The institutional flood into BTC continues.
A United Kingdom-based investment manager has added Bitcoin (BTC) to its portfolio, underscoring the ongoing institutional shift toward digital assets.
Ruffer Investment Company Limited, an investment manager with shares listed on the London Stock Exchange, has disclosed its new Bitcoin strategy.
In a performance update and manager comment posted on Tuesday, Ruffer said it has added Bitcoin to its Multi-Strategies Fund, primarily as a defensive move against the “continued devaluation” of fiat money. The fund now holds roughly 2.5% of its assets in Bitcoin.
The allocation was made in November after Ruffer reduced its exposure to gold in favor of BTC.
The firm said:
“We see this as a small but potent insurance policy against the continuing devaluation of the world’s major currencies. Bitcoin diversifies the company’s (much larger) investments in gold and inflation-linked bonds, and acts as a hedge to some of the monetary and market risks that we see.”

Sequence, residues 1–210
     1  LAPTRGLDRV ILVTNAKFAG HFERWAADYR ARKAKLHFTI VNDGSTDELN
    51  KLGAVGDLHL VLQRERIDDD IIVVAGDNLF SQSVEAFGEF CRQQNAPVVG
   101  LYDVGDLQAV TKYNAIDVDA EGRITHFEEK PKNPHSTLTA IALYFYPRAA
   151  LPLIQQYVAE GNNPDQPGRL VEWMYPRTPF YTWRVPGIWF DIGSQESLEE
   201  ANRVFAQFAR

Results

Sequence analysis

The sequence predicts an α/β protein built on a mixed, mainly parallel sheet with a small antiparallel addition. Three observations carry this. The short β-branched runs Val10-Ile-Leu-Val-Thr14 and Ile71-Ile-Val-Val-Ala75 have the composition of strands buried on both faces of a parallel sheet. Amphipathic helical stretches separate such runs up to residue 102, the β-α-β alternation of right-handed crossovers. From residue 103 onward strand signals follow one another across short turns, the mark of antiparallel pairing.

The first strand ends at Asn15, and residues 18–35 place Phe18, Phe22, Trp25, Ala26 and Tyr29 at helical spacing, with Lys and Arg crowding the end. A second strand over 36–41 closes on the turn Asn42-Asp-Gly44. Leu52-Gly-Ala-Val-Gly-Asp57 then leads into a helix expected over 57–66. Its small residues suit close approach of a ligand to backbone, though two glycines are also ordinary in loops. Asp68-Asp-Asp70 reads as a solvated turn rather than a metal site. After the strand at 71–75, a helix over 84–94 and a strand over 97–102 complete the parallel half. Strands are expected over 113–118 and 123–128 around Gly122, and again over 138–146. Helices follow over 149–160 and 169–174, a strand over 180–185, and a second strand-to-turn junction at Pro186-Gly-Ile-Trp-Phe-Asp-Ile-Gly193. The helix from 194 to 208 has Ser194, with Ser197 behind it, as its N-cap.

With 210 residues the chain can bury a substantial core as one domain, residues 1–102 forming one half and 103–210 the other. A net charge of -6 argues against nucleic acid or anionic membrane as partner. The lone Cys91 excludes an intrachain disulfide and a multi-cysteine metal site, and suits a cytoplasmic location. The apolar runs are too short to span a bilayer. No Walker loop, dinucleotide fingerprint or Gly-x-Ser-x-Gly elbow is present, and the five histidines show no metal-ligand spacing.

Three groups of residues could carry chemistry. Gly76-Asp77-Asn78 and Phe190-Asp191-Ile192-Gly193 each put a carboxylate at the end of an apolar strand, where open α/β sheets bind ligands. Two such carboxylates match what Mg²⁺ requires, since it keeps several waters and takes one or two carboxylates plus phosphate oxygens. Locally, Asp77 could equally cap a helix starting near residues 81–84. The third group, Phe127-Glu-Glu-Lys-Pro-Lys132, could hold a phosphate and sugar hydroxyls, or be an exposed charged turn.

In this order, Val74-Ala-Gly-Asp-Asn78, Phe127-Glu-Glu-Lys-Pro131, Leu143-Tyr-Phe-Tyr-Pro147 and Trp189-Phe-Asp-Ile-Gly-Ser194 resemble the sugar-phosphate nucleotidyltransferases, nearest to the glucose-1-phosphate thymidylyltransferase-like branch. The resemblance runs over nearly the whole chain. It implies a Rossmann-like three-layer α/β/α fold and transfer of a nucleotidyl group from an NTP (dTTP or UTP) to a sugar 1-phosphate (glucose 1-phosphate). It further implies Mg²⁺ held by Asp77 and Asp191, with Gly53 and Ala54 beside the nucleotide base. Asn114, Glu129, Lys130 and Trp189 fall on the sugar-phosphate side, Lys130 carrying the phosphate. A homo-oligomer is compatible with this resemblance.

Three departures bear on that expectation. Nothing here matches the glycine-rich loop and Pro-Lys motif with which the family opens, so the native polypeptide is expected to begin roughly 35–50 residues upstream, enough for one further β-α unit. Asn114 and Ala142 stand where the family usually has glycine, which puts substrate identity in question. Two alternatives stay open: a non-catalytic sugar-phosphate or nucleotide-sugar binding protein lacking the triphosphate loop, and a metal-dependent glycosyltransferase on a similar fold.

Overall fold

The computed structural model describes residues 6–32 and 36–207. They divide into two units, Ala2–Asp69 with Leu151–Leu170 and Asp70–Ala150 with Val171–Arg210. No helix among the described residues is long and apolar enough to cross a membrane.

Founded in 1994, Ruffer has 20.3 billion euros ($27.2 billion) in assets under management as of Nov. 30. The firm has roughly 6,600 clients worldwide compromised of individuals, families, pension funds and charities.
Ruffer’s move echoes a recent call by JPMorgan Chase that Bitcoin is quietly eating gold’s market share. In a note to clients that was released last week, quantitative strategies led by Nikolaos Panigirtzoglou said Bitcoin adoption could lead to “structural headwinds” for gold.
The strategists wrote:
“If this medium to longer-term thesis proves right, the price of gold would suffer from a structural headwind over the coming years.”
2020 has gone down as a transformative year for Bitcoin, with firms like Grayscale, PayPal, MicroStrategy and MassMutual rewriting the narrative on digital assets.
Crypto pioneer and ShapeShift CEO Erik Voorhees believes powerful institutional players will shield assets like Bitcoin from government overreach. With major institutions in play, the Bitcoin market is forming a natural “bulwark” against intrusive regulations.